Unlike cats and dogs, it can often times be a little tricky to estimate how large a baby bearded dragon will grow to be simply because first time owners likely don’t have the experience around full-grown dragons that they do around cats and dogs.
Also, because it’s more common sense to understand that a Chihuahua will remain small, while a German Shepherd will grow to be quite large… it’s simply easier to imagine the size your puppy will one day be, as opposed to your bearded dragon.
In addition to this, there are several factors that can really affect an adult bearded dragon’s size. So, if you’re wondering “How big will my bearded dragon get?”, please consider the following...
The size of your bearded dragon will depend on a range of factors, including the gender of the dragon, the quality of their environment and diet, whether they’re allowed to brumate within the first two years, as well as the dragon’s specific breed and genetics. With this being said, you can expect a healthy adult bearded dragon to grow to be anywhere from 18 to 20 inches long, unless they are a rarer and more petite breed.
To learn more about how you can positively affect the size of your bearded dragon just keep reading OR use the Quick Navigation tool below to be taken directly to a specific topic.
How big your bearded dragon should be, as well as how much they should weigh, really depends on the specific breed of said dragon as well as their age. If you have a Pogona Vitticeps, the most popular kind of bearded dragon, then you can expect them to grow at around the following rate…
3-4 inches by the end of month 1
5-9 inches by the end of month 2
8-11 inches by the end of month 3
9-12 inches by the end of month 4
11-18 inches by the end of month 6
13-20 inches by the end of month 8
16-22 inches by their first birthday
Now, of course your dragon can be longer than this as they continue growing past the first year, but chances are it won’t be by much (a few inches max most likely, if even that!). What you should notice more so, is your dragon filling out and bulking up some.
Although some dragons can continue growing a little bit into their second year of age, many dragons seem to dramatically slow down around 11 to 12 months, typically having reached lengths of anywhere from 15 to 18 inches!
Now, this isn’t to say that your dragon doesn’t have more growing ahead of them into their second year, but chances are, it is very little, as in an inch or two. Also, the speed at which your dragon will continue to grow will be so gradual you may not even notice it.
This is in direct contrast to the growing boom witnessed within the first 6 months, with bearded dragons growing as quickly as an additional inch per week! It should also be noted that around the year mark, give or take a few months, is when your dragon should start putting on some weight and bulking up.
At one year old, your dragon should be anywhere from 15 to 18 inches long, on average. It is at this age that your dragon will also begin to significantly slow down in their growing process.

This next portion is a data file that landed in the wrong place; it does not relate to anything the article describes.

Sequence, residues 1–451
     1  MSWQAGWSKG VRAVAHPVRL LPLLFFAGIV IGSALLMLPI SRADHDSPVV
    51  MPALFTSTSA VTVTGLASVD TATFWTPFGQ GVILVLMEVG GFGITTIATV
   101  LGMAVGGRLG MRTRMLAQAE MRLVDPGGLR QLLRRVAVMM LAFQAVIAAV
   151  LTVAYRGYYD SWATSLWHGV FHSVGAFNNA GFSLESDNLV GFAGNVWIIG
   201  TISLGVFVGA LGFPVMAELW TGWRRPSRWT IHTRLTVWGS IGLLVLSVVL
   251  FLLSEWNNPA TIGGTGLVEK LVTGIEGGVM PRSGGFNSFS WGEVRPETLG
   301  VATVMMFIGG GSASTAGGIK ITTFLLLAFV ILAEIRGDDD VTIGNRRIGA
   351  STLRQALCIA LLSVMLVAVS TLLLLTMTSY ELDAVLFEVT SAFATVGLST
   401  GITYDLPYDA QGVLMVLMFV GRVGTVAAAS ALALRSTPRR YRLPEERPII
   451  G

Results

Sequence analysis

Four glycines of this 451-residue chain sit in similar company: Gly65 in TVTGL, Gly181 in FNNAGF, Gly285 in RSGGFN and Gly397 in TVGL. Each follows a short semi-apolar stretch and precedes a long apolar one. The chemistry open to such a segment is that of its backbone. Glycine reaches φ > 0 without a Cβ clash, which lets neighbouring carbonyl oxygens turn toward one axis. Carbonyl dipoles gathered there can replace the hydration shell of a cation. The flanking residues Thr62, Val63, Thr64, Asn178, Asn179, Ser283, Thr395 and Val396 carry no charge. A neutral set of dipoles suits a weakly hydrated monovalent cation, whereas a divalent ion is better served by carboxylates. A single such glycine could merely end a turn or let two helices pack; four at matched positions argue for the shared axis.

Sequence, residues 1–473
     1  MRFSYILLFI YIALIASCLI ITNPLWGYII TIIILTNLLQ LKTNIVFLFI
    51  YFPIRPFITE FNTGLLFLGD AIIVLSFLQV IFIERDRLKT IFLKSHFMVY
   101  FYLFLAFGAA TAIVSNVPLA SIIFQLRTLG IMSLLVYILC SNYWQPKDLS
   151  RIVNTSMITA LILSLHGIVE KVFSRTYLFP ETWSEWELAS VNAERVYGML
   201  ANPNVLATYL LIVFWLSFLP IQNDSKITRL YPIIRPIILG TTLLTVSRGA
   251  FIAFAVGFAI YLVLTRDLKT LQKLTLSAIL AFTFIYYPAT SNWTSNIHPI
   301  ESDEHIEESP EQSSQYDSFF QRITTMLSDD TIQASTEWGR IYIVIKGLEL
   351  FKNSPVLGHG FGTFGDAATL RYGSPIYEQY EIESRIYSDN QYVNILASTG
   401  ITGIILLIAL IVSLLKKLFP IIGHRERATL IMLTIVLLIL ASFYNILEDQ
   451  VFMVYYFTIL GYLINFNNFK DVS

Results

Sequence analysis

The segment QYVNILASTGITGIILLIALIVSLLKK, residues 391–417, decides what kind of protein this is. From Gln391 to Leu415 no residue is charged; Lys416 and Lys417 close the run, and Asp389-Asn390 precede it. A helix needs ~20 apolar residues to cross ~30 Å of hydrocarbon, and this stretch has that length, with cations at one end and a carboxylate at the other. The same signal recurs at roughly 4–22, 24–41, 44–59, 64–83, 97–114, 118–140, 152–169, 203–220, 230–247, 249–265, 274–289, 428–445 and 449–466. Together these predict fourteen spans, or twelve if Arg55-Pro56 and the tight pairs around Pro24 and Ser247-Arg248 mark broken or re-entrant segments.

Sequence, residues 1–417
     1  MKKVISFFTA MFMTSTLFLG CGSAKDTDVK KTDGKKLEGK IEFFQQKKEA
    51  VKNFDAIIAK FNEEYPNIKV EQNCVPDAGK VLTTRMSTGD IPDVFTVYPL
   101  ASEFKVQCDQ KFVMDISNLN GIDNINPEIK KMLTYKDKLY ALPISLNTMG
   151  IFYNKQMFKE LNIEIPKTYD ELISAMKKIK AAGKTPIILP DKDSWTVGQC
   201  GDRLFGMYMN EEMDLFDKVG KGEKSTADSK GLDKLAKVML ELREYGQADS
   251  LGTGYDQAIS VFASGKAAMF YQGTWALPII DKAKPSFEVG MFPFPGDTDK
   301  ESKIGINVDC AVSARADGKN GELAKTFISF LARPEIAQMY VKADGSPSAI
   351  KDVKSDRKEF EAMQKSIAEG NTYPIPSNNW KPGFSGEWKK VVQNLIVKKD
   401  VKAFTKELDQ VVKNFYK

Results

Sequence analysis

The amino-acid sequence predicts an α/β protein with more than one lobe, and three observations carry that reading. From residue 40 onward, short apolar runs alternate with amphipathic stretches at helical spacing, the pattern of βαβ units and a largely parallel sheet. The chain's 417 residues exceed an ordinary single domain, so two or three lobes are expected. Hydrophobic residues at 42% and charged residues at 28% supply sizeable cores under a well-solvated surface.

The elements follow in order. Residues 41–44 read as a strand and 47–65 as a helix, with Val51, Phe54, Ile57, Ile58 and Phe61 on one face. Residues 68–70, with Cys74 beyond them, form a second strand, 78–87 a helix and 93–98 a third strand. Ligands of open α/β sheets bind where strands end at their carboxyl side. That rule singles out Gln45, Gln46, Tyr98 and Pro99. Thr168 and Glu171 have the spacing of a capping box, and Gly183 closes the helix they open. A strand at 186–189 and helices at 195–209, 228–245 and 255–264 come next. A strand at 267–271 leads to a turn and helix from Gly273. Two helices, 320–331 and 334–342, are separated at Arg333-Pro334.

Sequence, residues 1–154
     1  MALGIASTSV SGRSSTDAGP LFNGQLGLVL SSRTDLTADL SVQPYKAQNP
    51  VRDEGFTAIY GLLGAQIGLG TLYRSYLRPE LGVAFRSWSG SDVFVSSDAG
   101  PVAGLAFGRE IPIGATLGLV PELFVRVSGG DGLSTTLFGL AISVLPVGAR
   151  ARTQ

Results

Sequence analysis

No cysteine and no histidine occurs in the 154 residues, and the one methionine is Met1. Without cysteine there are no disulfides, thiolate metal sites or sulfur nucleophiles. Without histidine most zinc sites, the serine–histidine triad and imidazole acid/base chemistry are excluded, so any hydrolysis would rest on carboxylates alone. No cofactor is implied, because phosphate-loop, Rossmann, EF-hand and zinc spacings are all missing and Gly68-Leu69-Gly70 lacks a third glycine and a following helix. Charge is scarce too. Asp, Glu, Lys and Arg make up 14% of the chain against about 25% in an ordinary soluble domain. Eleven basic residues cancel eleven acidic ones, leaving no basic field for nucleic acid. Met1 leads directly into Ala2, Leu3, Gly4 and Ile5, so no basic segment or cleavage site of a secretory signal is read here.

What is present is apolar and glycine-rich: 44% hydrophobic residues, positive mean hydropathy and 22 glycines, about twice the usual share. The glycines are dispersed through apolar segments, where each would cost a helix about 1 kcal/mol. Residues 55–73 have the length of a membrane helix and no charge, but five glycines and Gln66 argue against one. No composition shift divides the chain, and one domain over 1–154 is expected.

Please note the chart below to get an idea of where the average bearded dragon falls in terms of weight and length month by month.
If your bearded dragon is below average size and weight (see the chart above for reference), chances are there’s either something wrong with their diet, their habitat isn't set up correctly, or you’ve let them go through brumation.
Read below to discover how each of these issues can lead to a small and underdeveloped bearded dragon!
If your dragon’s habitat doesn’t have a proper UVB bulb (which you can read more about here), then this can definitely lead to slower or stifled growth. Bearded dragons who don’t get adequate levels of UVB are not able to appropriately absorb calcium from their diet and as such, can develop weak and brittle bones, leading to lethargy and stunted growth.
Also, without the right UVB setup, your bearded dragon can also have a suppressed appetite, leading to stunted growth.
Unlike more mature bearded dragons, babies need virtually as much protein as they will eat to grow up both big and strong. If your baby bearded dragon is under 3 months, you should be feeding them crickets 5 times a day for 5-10 minute intervals, allowing them to eat as much as they like.
Brumation, which is essentially the reptile version of hibernation, is when a bearded dragon hunkers down and sleeps for long periods of time as they anticipate winter. When a dragon goes through brumation, they tend to lose quite a bit of weight as they spend a good deal of time sleeping and therefore, not needing food.
Brumation can significantly stunt the growth of a younger dragon and as such, should be avoided if possible.
You can do this by ensuring the temperatures in the dragon’s cage stay where they should be year-round (both during night and day) and by also making sure the lighting cycle is normal as well (10 – 12 hours of light a day, every day!).
I’m Stacey, the owner of this website and lifelong reptile lover, caretaker, and educator. Here you will find everything from information on how to care for reptiles, to even how to give your reptiles the best fighting chances against a range of common reptile diseases and illnesses, and everything in between!